Using beneficial ownership data for national security

  • Publication date: 17 December 2021
  • Author: Tymon Kiepe

Preventing interference in governance systems and the rule of law

Strategic corruption has been a key focus of the US commitment to BOT. According to the US National Security Study Memorandum, “authoritarian states ‘weaponize corruption’ to weaken democracy and the rule of law”.[84] Strategic corruption can be defined as “corrupt inducements … wielded against a target country by foreigners as a part of their own country’s national strategy. Sometimes, but not always, these schemes entail violations of the law, including by citizens of the target country”.[85]

The threat of strategic corruption is difficult to quantify and assess, as it implies intent and coordination by one country to directly or indirectly undermine the national security interests of another country. Intentionality can be especially difficult to discern. The “corrupt inducements” can include all the issues discussed in this briefing, for instance, money laundering, corruption of procurement processes, or unlawfully acquiring ownership in foreign strategic sectors. That these are part of a broader strategy or involve state complicity may be impossible to prove beyond doubt. Nevertheless, different countries identify the following key areas as vulnerable to strategic corruption in their national security strategies, that can subsequently form threats to the integrity of governance systems and the rule of law:[86]

  • political campaign financing;
  • funding the spread of disinformation, alternative media, and social media campaigns;
  • buying of political influence.

Whether or not they are coordinated by a hostile state, these activities directly and indirectly interfere with the democratic process and the functioning of the judiciary.[87]

In many cases, there could be an economic incentive which motivates non-state actors to engage in these activities, which could have national security implications. For instance, someone may have a personal or business interest in achieving a particular policy outcome. Whilst corruption of the policymaking process and conflicts of interest undermine the trust in and functioning of government, this may not be part of coordinated actions from a hostile state. Regardless, this presents a security threat. Other measures (e.g. asset disclosures and parliamentary standards) help counter and detect undue political influence – and BOT can also play a role in these – but they are not the focus of this briefing.

The largest concerns for the US and NATO allies are China and Russia. However, using political financing to achieve certain foreign policy outcomes is not limited to authoritarian states, as suggested by the US National Security Study Memorandum. The US, for example, has funded different groups in Afghanistan on numerous occasions.[88]

Box 9: Russian influence in the EU and the US

In 2020, the UK’s Intelligence and Security Committee warned about the risk of political interference by Russia in a report that states that Russia “is using a range of methods to seek to disrupt and exert influence on the UK, including political financing and the spread of disinformation”.[89]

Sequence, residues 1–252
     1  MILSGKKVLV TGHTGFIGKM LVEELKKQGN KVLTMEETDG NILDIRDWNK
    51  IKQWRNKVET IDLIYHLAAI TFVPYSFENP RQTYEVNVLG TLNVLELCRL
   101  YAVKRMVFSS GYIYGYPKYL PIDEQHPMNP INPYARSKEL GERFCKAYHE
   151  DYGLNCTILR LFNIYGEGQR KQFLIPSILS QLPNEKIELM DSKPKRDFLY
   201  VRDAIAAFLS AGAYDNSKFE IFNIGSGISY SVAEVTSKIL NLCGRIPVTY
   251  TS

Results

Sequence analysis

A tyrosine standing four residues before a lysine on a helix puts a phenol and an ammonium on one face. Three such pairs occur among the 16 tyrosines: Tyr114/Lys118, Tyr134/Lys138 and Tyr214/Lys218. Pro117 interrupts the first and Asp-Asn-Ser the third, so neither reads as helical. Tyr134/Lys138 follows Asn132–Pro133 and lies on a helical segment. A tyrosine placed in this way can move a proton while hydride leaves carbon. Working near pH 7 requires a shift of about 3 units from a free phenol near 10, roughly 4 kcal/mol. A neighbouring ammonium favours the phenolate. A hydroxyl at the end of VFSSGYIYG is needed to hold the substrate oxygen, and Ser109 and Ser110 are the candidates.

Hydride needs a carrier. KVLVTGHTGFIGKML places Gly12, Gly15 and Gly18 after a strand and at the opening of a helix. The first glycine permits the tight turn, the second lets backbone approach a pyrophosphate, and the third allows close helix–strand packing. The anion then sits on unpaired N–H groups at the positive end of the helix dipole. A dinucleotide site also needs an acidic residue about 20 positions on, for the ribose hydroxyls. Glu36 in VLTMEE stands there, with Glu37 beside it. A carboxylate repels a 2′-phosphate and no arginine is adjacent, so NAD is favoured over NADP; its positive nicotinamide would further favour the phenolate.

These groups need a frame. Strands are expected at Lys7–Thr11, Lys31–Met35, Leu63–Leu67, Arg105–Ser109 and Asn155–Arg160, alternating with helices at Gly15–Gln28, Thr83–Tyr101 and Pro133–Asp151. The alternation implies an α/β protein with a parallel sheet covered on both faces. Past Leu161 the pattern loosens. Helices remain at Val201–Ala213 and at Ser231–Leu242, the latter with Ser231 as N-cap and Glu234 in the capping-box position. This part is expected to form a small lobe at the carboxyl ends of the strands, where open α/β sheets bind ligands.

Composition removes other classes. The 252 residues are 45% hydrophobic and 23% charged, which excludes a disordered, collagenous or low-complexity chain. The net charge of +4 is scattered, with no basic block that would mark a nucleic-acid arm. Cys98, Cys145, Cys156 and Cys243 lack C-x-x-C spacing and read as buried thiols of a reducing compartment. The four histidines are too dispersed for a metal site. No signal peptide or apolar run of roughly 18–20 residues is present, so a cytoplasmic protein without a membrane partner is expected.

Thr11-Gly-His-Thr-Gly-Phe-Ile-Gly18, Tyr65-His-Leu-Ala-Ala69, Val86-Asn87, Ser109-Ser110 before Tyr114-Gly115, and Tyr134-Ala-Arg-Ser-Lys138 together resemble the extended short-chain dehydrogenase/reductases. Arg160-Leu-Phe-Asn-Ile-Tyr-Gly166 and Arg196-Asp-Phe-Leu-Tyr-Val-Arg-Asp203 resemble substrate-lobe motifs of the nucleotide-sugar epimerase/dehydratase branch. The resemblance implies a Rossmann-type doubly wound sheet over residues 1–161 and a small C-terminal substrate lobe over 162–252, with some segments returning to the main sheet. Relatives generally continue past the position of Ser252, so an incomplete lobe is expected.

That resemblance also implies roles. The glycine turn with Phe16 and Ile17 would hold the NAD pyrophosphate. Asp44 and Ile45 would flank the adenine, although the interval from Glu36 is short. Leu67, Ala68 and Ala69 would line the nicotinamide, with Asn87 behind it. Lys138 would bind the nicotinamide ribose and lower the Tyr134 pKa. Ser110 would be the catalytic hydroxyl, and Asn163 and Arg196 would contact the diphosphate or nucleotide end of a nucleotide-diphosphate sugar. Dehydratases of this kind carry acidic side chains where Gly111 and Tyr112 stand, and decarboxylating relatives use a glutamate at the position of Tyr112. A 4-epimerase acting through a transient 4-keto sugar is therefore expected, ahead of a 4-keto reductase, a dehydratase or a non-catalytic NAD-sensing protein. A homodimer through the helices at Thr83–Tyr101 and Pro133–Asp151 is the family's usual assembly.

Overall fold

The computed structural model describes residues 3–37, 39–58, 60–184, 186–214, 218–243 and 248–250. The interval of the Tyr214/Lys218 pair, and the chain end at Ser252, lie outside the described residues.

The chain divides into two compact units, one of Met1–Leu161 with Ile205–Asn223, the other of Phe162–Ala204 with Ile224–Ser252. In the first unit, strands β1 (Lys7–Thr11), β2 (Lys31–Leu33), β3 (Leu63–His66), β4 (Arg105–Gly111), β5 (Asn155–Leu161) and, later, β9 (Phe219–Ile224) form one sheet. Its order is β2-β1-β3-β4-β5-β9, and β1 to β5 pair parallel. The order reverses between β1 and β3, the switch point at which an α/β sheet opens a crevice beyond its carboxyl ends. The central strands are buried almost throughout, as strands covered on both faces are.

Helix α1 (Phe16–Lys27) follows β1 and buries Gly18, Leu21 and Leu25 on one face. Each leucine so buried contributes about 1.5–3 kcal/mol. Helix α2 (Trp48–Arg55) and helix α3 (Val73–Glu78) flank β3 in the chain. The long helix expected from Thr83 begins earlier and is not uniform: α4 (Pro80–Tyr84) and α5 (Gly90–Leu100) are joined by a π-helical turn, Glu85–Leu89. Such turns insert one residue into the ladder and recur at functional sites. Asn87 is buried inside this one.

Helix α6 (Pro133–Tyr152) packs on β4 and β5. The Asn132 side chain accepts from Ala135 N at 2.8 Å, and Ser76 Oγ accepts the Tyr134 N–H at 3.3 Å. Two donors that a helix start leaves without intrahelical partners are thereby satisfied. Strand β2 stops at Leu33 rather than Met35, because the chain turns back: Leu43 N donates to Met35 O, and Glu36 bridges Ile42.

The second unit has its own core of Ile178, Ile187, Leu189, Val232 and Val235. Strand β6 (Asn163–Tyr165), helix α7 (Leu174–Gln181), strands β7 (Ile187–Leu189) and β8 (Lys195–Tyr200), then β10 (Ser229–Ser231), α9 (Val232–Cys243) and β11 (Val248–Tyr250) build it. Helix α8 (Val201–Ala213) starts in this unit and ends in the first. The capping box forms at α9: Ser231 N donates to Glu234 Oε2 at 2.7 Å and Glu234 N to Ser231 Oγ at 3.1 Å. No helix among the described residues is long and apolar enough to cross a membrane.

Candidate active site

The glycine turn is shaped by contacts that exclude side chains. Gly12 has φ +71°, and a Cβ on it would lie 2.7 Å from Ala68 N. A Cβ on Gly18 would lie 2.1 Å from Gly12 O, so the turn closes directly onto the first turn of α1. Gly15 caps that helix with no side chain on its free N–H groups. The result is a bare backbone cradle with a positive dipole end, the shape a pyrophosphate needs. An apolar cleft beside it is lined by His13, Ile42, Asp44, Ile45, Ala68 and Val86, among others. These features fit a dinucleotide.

The report concludes the government failed to protect the UK from Russian influence, stating that government policy had “offered ideal mechanisms by which illicit finance could be recycled through what has been referred to as the London ‘laundromat’”. It states that Russian influence has now become “the new normal”, and that “there are a lot of Russians with very close links to Putin who are well integrated into the UK business and social scene, and accepted because of their wealth”. According to OpenDemocracy, most of this is targeted at Conservative party members.[90] For instance, a major political donor was found to have ties to the Russian government, and concerns were raised about the access the donor had to multiple British Prime Ministers.[91]

Advocates for corporate ownership transparency in the US point to the Russian interference in the 2016 US elections,[92] and see the UK as an example of what happens when “strategic corruption goes unchecked,” pointing to the amount of Russian money in the UK financial sector and real estate, which they claim give Russia the confidence to “conduct political assassinations” on UK soil.[93]

A 2018 Senate Foreign Relations Committee minority staff report states that Russia seeks to capture foreign elites through offers of partnership, cash payments, and other financial inducements, and uses state-owned enterprises in strategic sectors, money laundering, and the financing of political campaigns. The report also points to the difficulty to discern intentionality from the Russian state, and that it is unlikely that all activities are directed by the government.[94] This is due to the blurring of lines between private and state activities, and licit and illicit funds.[95]

An investigation by Der Spiegel points to links between Russia and German parliamentarians, documenting how Russian money funds media outlets in Germany and social media campaigns with pro-Russian messages. The investigation points to Russian support for a right-wing party which also takes pro-Russian policy positions.[96]

In July 2021, a UK standards body, the Committee on Standards in Public Life, published a report referencing the Intelligence and Security Committee report, warning about loopholes in the campaign financing laws, which could act as “a route for foreign money to influence UK elections”.[97] The committee’s chair said digital campaigning has made it “harder to track how much is being spent, on what, where and by whom”. The report warns about “unincorporated associations”,[98] which are not listed on the UK’s company and BO registry, meaning their financial backers can remain anonymous. Conversely, a recent Federal Election Commission (FEC) ruling in the US appears to open the door to foreign financing of US referendum campaigns.[n]

Requiring political donors to be registered and to identify the original source of funds will make it harder for overseas donors to anonymously give through shell companies to political campaigns. The UK has had a central and public BO register since 2016, which shows that BOT and the presence of BO data alone will not achieve policy outcomes. The data must be used, and potentially combined with other data, to achieve impact. This may also require complementary legislation, which the data can help monitor and enforce.

The role of beneficial ownership transparency